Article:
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How baby boomers screwed their kids — and created millennial impatience -

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Like alcoholism or drug addiction, this new disease is making our youngest generation impatient at best, and, at worst, feel lonelier and more isolated than the generations before. Where alcohol replaced trusting relationships as a coping mechanism for teenagers who grew up to be alcoholics, so too are the positive affirmations we get from social media and the virtual relationships we maintain replacing real trusting relationships as coping mechanisms.

A side effect could be a generation that struggles to find happiness and fulfillment even more than the generations that preceded them. Though there is a desire to do good, their acculturated impatience means that few will commit time or effort to one thing long enough to see the effect of service — the thing we know gives a sense of fulfillment. In doing research for this book, I kept meeting amazing, wonderful, smart, driven and optimistic Gen Yers who were either disillusioned with their entry-level jobs or quitting to find a new job that will “allow me to make an impact in the world,” discounting the time and energy that is required to do it.

It’s like they are standing at the foot of a mountain looking at the effect they want to have or success they want to feel at the peak. There is nothing wrong with looking for a faster way to scale the mountain. If they want to take a helicopter or invent a climbing machine that gets them up there quicker, more power to them. What they seem to fail to notice, however, is the mountain

The Gen Xers are also lonely and feel isolated and screwed by the same systems.

So I don't think this impatience only applies to the Millennials.

But I don't think we Xers have the same generational narcissism that Boomers and Millennials have (tho that statement itself could be considered narcissistic.. lol)

I agree -- Xers aren't narcissists.

We're pessimists and resolved to the belief that we're going to have to make sacrifices because of the policy choices of the Boomers, who collectively created massive amounts of debt.

I don't think public policy makes a spit of difference.  What we were, was a generation of kids who where frequently told 'no' b/c young families don't have a lot of money and latch-key kids b/c it was the era where both divorce and two-earner families were becoming common.

Maybe it wasn't public policy but SOMEONE put us $17 trillion in debt for no particularly good reason:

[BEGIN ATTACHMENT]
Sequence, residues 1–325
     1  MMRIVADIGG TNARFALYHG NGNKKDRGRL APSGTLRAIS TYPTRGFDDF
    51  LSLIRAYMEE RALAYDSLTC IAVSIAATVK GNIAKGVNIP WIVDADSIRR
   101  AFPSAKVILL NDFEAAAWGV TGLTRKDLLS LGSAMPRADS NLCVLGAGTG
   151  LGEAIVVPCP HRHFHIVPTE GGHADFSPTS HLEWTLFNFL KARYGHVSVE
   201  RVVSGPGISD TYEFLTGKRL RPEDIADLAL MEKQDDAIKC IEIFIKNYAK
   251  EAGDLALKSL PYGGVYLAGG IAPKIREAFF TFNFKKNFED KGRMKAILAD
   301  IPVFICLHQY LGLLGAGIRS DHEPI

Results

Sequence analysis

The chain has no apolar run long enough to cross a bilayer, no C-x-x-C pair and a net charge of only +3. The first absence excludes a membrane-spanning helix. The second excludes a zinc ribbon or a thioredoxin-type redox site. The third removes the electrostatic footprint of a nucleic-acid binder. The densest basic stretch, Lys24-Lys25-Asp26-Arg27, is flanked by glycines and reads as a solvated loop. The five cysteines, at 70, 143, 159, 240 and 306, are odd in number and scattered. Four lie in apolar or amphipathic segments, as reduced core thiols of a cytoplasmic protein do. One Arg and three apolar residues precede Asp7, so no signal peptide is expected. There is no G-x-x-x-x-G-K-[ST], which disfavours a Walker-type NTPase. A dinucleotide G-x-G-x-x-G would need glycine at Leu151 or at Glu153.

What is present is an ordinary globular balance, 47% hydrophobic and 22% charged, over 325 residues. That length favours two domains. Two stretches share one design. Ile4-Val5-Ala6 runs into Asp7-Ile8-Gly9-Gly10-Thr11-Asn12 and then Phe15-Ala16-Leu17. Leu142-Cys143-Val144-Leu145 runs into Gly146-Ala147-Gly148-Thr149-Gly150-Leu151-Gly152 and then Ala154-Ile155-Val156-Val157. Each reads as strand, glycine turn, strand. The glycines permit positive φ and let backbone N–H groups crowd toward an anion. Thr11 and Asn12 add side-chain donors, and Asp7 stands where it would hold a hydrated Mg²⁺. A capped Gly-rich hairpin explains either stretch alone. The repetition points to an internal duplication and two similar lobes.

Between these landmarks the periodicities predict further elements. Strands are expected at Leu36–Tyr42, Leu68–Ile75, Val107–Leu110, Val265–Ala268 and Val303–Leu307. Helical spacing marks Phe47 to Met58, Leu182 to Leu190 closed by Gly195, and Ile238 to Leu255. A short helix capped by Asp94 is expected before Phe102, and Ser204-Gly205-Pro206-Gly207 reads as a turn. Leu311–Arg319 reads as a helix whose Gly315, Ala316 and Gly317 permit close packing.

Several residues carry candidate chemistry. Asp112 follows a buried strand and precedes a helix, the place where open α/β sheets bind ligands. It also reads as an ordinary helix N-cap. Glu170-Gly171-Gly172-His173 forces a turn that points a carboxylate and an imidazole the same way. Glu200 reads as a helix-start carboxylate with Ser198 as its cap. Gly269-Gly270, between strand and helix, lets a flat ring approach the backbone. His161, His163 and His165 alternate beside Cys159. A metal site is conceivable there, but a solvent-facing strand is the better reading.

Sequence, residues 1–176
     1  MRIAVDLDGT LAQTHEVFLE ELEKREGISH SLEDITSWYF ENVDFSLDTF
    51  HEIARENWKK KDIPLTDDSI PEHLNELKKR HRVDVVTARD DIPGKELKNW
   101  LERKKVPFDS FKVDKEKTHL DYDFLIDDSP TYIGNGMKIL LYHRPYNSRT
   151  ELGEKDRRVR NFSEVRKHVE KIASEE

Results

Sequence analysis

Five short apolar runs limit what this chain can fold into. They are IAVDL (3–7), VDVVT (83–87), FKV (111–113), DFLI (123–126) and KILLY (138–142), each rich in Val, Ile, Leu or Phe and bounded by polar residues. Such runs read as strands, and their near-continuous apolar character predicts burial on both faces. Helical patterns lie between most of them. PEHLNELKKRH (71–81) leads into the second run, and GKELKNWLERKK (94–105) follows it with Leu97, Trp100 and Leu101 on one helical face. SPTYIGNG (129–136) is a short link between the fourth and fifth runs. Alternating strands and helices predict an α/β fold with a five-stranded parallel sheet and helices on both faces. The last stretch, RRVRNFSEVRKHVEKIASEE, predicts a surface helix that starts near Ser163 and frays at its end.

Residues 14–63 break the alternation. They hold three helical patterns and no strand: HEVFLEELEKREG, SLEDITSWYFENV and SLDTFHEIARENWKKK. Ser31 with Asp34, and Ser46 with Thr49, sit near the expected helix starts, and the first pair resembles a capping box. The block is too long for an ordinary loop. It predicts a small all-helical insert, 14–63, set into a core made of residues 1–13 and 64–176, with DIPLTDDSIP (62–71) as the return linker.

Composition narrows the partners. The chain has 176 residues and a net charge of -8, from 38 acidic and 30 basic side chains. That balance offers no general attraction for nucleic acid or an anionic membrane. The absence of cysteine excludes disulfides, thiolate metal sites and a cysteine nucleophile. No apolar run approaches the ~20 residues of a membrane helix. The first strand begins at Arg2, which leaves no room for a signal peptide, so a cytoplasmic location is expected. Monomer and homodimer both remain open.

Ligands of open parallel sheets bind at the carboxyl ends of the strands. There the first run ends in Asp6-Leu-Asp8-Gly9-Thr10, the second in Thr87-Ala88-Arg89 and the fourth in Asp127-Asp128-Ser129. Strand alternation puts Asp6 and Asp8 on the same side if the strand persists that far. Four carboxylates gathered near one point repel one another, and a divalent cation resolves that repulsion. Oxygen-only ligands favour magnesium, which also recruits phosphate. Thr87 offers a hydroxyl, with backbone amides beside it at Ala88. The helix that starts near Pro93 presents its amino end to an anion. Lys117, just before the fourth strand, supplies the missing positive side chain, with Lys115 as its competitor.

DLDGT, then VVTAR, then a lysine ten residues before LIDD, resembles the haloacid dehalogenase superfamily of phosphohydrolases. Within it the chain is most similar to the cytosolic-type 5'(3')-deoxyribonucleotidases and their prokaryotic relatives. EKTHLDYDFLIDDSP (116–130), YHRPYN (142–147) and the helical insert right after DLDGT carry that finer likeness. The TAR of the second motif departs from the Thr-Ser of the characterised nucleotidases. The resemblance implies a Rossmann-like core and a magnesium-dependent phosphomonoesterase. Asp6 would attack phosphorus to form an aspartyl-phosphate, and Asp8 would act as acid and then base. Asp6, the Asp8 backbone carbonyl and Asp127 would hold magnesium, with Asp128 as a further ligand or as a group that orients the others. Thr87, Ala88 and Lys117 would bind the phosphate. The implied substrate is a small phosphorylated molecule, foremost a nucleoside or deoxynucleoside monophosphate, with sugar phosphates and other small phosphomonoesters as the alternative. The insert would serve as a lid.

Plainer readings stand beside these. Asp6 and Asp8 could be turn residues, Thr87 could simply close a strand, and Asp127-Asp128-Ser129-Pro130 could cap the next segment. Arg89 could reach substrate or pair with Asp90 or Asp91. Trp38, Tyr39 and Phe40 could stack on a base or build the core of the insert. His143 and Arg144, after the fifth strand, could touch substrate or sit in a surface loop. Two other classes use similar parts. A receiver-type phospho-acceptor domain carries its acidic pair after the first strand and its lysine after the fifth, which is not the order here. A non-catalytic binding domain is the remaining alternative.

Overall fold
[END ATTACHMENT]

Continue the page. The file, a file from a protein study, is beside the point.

I agree, the GenX and GenY were subjected to the same Baby Boomer parents, the only major difference is the era in which they were born determining whether they have a sense of entitlement or not.

One word....Internet

The fact that Xers still know what the real world looks like means they don't take technological advantages for granted.

(Almost similar to pre-TV Baby Boomers and post-TV Baby Boomers?)

when will there be another generation without the internet?

I don't think we were subjected to the same Boomer parents.  We're the children of Vietnam.  Our parents served (or were at least eligible) and suffered.  I don't have any numbers to back this up, but imo Xer parents did not fall into the trap of generational narcissism with the rest of the Boomers. They had children in their early 20s instead of waiting until their late 30s. We grew up with the struggles of young families becoming latch-key kids instead of bounding fully formed as accessories for their parents' already-advanced careers.

That's right, Xer parents had the Cold War and Vietnam shaping them.

Millennial parents had the 1980s excesses -- and 1990s aftermath -- shaping them.

Xers grew up fearing the world would destroy itself; we had no cellphones, Wikipedia, or Google.

The later Millennials will never know a world without smartphones and tablets.

I get what you are both saying, it seems the author blurs the lines of who is X and who is Y and seems to write in terms of what they themselves are exposed to without really considering what their parents have been exposed to.

However in terms of distraction, it doesn't really matter what generation you belong too, we are all exposed. I feel for my kids who are growing up being normalized in a world where there is an App for everything. We can at least anchor them to principles of integrity, dedication, slow and steady wins the race, etc. But who is going to anchor their kids?

The answer is to use the same App tools that distract them to educate them with.

OR you can take your kids hiking, camping, to a play, museum or to a baseball game.  There are many solutions to the "problem" of the Internet that (interestingly) take a PARENT'S time away from a screen.

Yeah, every generation has its strengths and its issues.   The majority will by definition handle it in a mediocre manner. The best you can hope for is to help your children/friends/community transcend some of their issues (by transcending your own).

There's a variation of Murphy's Law that says you cannot make something clean without making something else dirty.

Cleaning up one issue just opens up new issues that need to be cleaned.

Because entropy is always increasing, right?

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